THE SCAN SPORT – Former champion, Simonne Mathieu (1908-1980) is not as famous as other glories of hexagonal tennis. She had yet one of the biggest winners of the little yellow ball in France.
Simonne Mathieu is the name chosen by the organizers to name the brand new court of the Porte d'Auteuil, inaugurated for this 2019 edition of Roland-Garros. Located in the heart of the greenhouses of Auteuil, it will eventually replace Court No. 1 as the third main court for the French Open.
One of the biggest French Grand Slam winners
Simonne Mathieu is the name of one of the greatest champions of French tennis. She began her sporting ascension at the end of the 1920s, then became a definite fixture in world tennis in the 1930s. Between 1929 and 1937, she reached the Roland Garros women's singles final six times without ever reaching win. Over this period, she is also number one French. It was finally in 1938 that she won her first title Porte d'Auteuil. That year, she also won the double ladies and mixed doubles tournament, achieving an exceptional and unprecedented treble. It confirms its performance by winning the 1939 edition of Roland-Garros singles and doubles ladies.
Committed to the Resistance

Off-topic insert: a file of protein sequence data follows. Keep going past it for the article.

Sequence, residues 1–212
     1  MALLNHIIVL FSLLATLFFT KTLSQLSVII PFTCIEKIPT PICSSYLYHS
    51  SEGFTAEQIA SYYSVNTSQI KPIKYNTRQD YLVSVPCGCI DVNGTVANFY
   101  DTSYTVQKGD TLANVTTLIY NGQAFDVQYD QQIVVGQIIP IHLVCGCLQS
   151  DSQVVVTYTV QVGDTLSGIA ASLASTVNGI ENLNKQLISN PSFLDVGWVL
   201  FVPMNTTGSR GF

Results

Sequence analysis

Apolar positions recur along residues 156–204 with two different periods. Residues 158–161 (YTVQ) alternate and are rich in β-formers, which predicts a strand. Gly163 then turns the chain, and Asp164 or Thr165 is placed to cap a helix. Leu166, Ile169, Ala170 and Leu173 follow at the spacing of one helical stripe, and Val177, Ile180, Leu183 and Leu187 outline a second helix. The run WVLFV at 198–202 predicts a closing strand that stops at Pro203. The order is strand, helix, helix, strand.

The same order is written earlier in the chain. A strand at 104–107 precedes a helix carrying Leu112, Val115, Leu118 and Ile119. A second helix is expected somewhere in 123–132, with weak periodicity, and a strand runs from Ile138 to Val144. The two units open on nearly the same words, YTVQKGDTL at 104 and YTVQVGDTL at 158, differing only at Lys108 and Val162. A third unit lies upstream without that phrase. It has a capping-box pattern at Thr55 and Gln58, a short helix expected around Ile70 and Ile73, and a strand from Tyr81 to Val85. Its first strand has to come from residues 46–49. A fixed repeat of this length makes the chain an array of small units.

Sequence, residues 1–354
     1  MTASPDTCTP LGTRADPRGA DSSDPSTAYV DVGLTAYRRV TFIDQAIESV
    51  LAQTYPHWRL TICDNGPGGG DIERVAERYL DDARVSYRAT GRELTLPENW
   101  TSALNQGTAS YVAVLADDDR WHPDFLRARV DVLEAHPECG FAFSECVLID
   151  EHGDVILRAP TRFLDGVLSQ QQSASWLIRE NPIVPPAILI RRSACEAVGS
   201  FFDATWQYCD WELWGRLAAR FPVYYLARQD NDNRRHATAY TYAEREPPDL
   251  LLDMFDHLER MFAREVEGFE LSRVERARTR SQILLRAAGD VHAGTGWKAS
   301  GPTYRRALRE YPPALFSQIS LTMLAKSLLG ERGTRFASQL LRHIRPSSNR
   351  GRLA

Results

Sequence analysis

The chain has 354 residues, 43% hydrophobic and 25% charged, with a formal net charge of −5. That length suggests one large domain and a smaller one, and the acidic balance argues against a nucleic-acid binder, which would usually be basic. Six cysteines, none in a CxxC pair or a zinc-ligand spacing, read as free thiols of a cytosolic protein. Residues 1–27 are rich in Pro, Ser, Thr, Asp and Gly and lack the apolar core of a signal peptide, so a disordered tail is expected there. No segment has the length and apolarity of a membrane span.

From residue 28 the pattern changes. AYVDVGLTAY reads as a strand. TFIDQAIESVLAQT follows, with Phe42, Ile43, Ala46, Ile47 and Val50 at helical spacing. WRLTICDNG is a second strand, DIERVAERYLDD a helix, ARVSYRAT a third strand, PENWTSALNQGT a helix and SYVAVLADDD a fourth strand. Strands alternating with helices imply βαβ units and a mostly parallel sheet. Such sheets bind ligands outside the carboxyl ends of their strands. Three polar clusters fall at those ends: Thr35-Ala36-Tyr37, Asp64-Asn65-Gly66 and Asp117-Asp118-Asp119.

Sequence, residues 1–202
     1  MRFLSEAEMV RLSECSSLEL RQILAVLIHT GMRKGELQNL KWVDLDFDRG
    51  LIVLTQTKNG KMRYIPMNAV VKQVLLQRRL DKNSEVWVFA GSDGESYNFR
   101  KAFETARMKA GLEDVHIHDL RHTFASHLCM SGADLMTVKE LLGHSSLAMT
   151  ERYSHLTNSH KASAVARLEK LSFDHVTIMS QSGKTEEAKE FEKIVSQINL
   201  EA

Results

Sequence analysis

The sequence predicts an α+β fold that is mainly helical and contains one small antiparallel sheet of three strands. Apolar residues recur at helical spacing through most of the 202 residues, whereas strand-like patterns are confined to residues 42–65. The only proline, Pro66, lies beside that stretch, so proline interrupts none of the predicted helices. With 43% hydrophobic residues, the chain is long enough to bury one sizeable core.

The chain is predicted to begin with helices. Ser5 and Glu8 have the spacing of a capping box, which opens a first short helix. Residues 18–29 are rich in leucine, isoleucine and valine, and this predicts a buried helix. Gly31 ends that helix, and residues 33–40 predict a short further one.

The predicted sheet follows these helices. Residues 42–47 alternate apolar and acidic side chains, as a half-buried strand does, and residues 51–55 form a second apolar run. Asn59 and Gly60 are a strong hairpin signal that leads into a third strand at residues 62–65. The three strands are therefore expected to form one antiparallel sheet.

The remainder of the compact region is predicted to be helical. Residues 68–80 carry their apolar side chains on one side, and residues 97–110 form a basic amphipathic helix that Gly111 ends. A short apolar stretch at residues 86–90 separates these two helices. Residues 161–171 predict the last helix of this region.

When the Second World War broke out, Simonne Mathieu, then at the peak of his sports career, decided to commit to free France and joined the Resistance. After the armistice of 1940, she joined General de Gaulle in London. It is entrusted with the mission of forming a Corps of French Volunteers in which it commands the first women to serve under military status in the army. During the Liberation, she will parade alongside General de Gaulle, with the rank of captain.
After the war, Simone Mathieu will no longer play high level tennis. But tennis will never really leave it. From the end of the summer of 1944, she is back on the clay of the Porte d'Auteuil to kick off the first game played in Paris released. Five years later, in 1949, she took the reins of the French Women's Tennis Team, which she managed until 1960. She also joined the committee management of the French Tennis Federation (FFT). In 2006, 26 years after her disappearance, she was inducted intoInternational Tennis Hall of Fameas a tribute to his career. At the inauguration of the court that now bears his name, Bernard Giudicelli, president of the FFT, said in particular: "She was above all a great champion. (…) She embodied the will, she never gave up an exchange, nor one of her choices ".
With thirteen Grand Slam titles, ten of which won at Roland Garros between 1933 and 1939, Simonne Mathieu is the second most-titled Frenchman of all time, behind legend Suzanne Lenglen (twenty-one trophies). The cup awarded to the winners of the double ladies event at Roland-Garros is now named after him. Just like the third main court now.
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